Whitehead’s ‘cops and battle tanks’ is pure fluff

I am responding in regards to John Whitehead’s article on “Why do local cops need battle tanks?” The article was written on a pure liberal-pacifist level.

As a retired law enforcement officer with over 21 years of experience, I can assure your readers that Whitehead’s article is purely fluff with no substance.

Many of the items such as the MRAPs that he refers to in his article are being incorporated by Special Response Teams and SWAT teams throughout the country.

Mr. Whitehead asks what use these tactical tools have in American policing. Obviously he missed the incidents in Newtown, Columbine, and Boston, etc.

I find it not only absurd but incredibly ignorant for him to complain about a town in Maine purchasing eight tactical vests.

I am confident that the vests that he was referring to are level 4A tactical vests. Those ballistic vests are and should be worn by tactical teams which make entry for search warrants and arrest warrants. They have the capability to stop rounds from high powered long guns.

If Mr. Whitehead or anyone else questions the validity of the need for these types of vest, I encourage him to research the case of Deputy Todd Fatta, a Broward County Florida deputy who was killed in the line of duty.

Deputy Fatta and his team of officers were ambushed while serving a search warrant on a suspected child pedophile in Fort Lauderdale. Deputy Fatta was not wearing a level 4A vest and was killed by the subject.

As a result of Deputy Fatta’s death, Broward County Sheriff’s Office was sued by his wife and was awarded $10 million. Part of the lawsuit was based on the officers not being sufficiently trained and equipped.

I ask Mr. Whitehead or any of his followers as to what price they put on a police officer’s life? Mr. Whitehead further states, “growing numbers of unarmed civilians shot by police during relatively routine encounters and in the use of SWAT teams to carry out relatively routine tasks.”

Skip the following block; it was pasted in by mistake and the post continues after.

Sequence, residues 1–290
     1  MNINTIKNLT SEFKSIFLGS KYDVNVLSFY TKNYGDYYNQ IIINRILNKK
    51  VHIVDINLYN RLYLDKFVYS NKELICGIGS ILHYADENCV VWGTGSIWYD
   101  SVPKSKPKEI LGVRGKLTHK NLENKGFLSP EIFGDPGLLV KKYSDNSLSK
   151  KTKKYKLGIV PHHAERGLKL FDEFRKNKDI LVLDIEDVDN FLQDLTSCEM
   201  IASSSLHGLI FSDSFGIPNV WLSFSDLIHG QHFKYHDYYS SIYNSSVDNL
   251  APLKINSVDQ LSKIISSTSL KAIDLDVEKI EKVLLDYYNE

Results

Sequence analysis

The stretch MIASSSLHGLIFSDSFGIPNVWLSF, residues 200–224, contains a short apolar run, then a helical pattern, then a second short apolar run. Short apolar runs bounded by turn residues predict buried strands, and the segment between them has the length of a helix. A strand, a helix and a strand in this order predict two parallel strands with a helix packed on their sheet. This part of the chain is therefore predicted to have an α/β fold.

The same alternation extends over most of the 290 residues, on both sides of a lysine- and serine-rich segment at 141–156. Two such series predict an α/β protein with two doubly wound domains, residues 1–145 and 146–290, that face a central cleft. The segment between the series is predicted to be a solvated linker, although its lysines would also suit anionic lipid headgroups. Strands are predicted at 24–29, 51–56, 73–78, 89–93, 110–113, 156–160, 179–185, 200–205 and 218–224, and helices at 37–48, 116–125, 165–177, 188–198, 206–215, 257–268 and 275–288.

As having served hundreds of narcotics search warrants, I can personally tell Mr. Whitehead that no search warrant should be considered routine. Entering a suspect’s domain is the most dangerous aspect in law enforcement. Officers are entering into the unknown and are at an extreme disadvantage.

Many law enforcement agencies across the country are falling into the trap of using a matrix to classify search warrants as either “High Risk” or “Low Risk” warrants.

These decisions [to] classify warrants is a dangerous gamble which has resulted in the deaths of officers such as Deputy Fatta. The end result is that officers pay with their lives, their families pay for their loss and the agencies pay in civil lawsuits for inadequately providing officers with needed equipment and training.

Citizens can be assured that law enforcement agencies utilizing specialized equipment are doing so for the sole purpose of protecting their officers and the public.

I am pretty confident that Mr. Whitehead would be writing a different tune if one of these armored vehicles was utilized in a hostage rescue event of one of his family members.

Mike DeMarcus
Law Enforcement Training Associates, Inc.
www.uctraining.net
Peachtree City, Ga.

PTC Avenger
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Cops and Battle Tanks

"Citizens can be assured that law enforcement agencies utilizing specialized equipment are doing so for the sole purpose of protecting their officers and the public."

Riiight. Nice try, Kojak. The last thing we need is for braindead, jackbooted Rambo-wannabes to have military equipment.

"I ask Mr. Whitehead or any of his followers as to what price they put on a police officer’s life?" Let's not glamorize and heroicize the bottom 20% of the high school class and put them on a pedestal as if they can do no wrong. The scariest part of the Islamic terrorist attack in Boston wasn't the actual bombing but the tactical response of the police department as they rolled down the streets in their military vehicles and went door-to-door searching people's homes.

"Entering a suspect’s domain is the most dangerous aspect in law enforcement. Officers are entering into the unknown and are at an extreme disadvantage." Not really. That's why they execute no-knock warrants. The element of surprise gives them a massive advantage. Just ask Kathryn Johnston, the 92 year old woman who was shot and killed by the APD in a "botched" drug raid.

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